• Moisturizes: Olive oil contains linoleic acid, a fatty acid that helps it moisturize. Because of its unique ability to mix with water, the oil penetrates deeply to help your skin stay moisturized without clogging pores. This makes it a great hydrator for all types of skin, even sensitive and combination skin that may be prone to clogged pores. Olive oil is also wonderful for use after shaving and combines well in cleansers to help leave you feeling clean, soft, and nourished.

  • Protects: Olive leaves and olive oil have several different antioxidants, all of which help protect from environmental stressors. Olive oil also has vitamin A and E. Olive leaves contain several beneficial flavonoids, including quercetin, rutin, and kaempferol.

I’m now horrified that a perfectly natural moisturizer such as olive oil had never occurred to me, and had even put me off at first thought. This is due to the fact that I was so brainwashed into thinking skin moisturizers should be creamy, white and filled with ingredients I didn’t recognize. NO, Wrong!

I will sometimes use olive oil alone as a body moisturizer as I find it absorbs more quickly than another one of my favorite moisturizers, coconut oil.

Olive oil is a fantastic carrier oil for essential oils, so I'm happy to have it included in the DIY moisturizer recipes shared in this post.


Skin Care Essential Oil Blend

Per RMO “Skin Care Essential Oil Blend has a fresh, clean, floral aroma with an underlying slightly menthol-like aroma. The blend combines Cucumber, Lavender, Frankincense, Carrot Seed, Neroli, Roman Chamomile, and Rose essential oils. Skin Care Essential Oil Blend is part of the Rocky Mountain Oils Skin Care collection. Use Skin Care in your daily beauty regimen. Dilute with a carrier oil (non-essential oils that are plant-derived with a neutral smell such as olive oil, coconut oil, sweet almond oil, etc.) and use as a moisturizer to help soften and rejuvenate the appearance of skin. The blend works great to help tone mature skin and may help promote a youthful glow while reducing the appearance of minor imperfections.”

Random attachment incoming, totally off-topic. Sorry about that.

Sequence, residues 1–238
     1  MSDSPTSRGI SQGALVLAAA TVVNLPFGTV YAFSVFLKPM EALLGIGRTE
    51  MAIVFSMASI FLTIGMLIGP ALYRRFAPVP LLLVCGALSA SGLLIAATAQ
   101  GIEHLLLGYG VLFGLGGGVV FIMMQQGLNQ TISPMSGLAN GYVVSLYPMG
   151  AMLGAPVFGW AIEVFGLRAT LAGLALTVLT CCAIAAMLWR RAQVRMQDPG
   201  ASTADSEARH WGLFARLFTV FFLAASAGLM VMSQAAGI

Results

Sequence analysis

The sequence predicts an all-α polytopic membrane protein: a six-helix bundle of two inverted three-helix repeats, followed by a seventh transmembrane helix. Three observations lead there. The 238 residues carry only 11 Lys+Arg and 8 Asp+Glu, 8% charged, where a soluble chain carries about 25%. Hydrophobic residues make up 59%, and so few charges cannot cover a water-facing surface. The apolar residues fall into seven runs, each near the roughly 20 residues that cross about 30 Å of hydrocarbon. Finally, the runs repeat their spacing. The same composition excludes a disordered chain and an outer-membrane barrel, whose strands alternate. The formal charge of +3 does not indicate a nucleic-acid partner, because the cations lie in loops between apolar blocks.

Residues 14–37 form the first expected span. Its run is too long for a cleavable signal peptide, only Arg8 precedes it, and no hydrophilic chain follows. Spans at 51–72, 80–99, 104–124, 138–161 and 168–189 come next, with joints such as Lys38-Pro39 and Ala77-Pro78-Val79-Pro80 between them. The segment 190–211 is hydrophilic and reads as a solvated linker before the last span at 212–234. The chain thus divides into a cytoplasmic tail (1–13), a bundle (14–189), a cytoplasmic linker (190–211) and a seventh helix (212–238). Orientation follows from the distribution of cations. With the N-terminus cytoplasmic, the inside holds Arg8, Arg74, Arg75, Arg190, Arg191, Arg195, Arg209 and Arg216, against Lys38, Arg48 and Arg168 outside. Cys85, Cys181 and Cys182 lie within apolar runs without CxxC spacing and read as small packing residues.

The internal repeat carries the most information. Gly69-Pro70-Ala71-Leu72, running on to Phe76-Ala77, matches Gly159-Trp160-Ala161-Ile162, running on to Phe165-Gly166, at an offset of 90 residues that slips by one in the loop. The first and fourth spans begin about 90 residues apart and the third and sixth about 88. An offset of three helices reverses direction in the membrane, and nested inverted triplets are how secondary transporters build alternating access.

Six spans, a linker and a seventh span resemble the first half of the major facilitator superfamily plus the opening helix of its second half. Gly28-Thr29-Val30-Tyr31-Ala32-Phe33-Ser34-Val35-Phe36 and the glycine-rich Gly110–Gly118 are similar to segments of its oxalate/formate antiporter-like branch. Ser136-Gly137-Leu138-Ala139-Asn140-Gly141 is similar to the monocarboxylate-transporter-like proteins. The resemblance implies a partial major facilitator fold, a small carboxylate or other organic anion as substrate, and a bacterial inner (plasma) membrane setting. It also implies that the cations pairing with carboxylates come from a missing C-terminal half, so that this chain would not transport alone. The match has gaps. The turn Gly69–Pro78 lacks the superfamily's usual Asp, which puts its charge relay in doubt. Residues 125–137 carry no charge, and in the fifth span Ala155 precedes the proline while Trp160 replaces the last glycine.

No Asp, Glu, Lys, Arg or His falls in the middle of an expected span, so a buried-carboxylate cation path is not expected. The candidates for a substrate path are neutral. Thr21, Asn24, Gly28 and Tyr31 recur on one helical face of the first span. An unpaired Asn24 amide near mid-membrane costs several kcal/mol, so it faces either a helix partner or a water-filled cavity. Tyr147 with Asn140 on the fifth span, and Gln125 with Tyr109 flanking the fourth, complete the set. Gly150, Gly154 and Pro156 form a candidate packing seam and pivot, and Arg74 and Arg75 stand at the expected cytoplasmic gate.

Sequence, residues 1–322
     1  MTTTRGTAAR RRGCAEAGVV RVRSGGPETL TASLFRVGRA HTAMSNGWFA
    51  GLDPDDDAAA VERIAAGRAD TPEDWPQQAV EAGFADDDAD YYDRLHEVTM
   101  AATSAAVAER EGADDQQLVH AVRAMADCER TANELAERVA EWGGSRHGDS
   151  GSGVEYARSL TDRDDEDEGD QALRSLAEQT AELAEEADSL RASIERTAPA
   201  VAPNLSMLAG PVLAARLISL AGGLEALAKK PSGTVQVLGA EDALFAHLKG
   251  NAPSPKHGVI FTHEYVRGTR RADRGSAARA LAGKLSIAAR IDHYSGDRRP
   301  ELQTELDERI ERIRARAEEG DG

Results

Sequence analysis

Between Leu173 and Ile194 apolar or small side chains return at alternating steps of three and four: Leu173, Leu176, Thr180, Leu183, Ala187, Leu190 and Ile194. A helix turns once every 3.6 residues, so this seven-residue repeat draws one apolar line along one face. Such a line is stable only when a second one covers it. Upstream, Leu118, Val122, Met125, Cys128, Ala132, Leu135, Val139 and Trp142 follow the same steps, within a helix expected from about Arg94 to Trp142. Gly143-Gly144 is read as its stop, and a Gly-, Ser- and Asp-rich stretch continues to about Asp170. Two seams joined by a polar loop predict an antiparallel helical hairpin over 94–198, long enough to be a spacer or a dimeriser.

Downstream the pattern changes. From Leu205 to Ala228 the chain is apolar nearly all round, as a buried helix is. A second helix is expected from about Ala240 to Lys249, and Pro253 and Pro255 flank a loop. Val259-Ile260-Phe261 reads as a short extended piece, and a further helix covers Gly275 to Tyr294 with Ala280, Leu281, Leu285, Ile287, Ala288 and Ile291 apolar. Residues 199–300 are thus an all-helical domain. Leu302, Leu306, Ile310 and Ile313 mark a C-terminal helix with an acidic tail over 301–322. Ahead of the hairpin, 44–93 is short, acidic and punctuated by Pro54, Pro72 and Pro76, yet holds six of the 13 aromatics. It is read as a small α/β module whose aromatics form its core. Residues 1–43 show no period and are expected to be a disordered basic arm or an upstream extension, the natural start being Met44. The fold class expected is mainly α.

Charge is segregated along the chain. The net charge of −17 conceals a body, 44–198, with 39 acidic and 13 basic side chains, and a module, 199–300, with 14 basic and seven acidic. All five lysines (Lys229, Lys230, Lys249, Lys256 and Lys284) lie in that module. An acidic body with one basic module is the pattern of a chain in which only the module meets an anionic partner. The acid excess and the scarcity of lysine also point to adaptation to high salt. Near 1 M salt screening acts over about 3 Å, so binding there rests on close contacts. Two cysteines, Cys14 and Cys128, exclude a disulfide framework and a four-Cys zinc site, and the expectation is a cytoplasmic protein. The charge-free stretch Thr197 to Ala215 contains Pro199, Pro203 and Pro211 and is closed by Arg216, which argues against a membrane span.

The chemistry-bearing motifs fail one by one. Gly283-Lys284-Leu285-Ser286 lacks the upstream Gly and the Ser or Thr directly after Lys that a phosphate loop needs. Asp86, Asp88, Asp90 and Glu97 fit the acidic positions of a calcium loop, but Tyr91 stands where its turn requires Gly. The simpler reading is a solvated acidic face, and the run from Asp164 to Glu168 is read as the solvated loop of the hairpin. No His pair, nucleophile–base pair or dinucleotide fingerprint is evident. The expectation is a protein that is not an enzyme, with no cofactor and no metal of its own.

Cucumber Seed Essential Oil

Cucumber Seed Essential Oil has high levels of phytosterols, tocopherols and tocotrienol content (Vitamin E), as well as fatty acids, which studies have indicated, can help the skin restore proper moisture balance, smooth skin’s surface, improve skin elasticity, stimulate the regeneration of healthy skin cells, fight free-radical damage and revitalize mature skin. Cucumber seed oil also contains a significant percentage of oleic acid, ~14-20%, and omega 3 linoleic acid, ~60-68%, which have also shown effectiveness in treating dry skin, eczema, psoriasis, and acne. RMO notes “Offering rich hydration making it a great addition to hair and skin care products. The oil is especially good for dry, dehydrated skin, and may help soothe skin after excess sun exposure.”


Lavender Essential Oil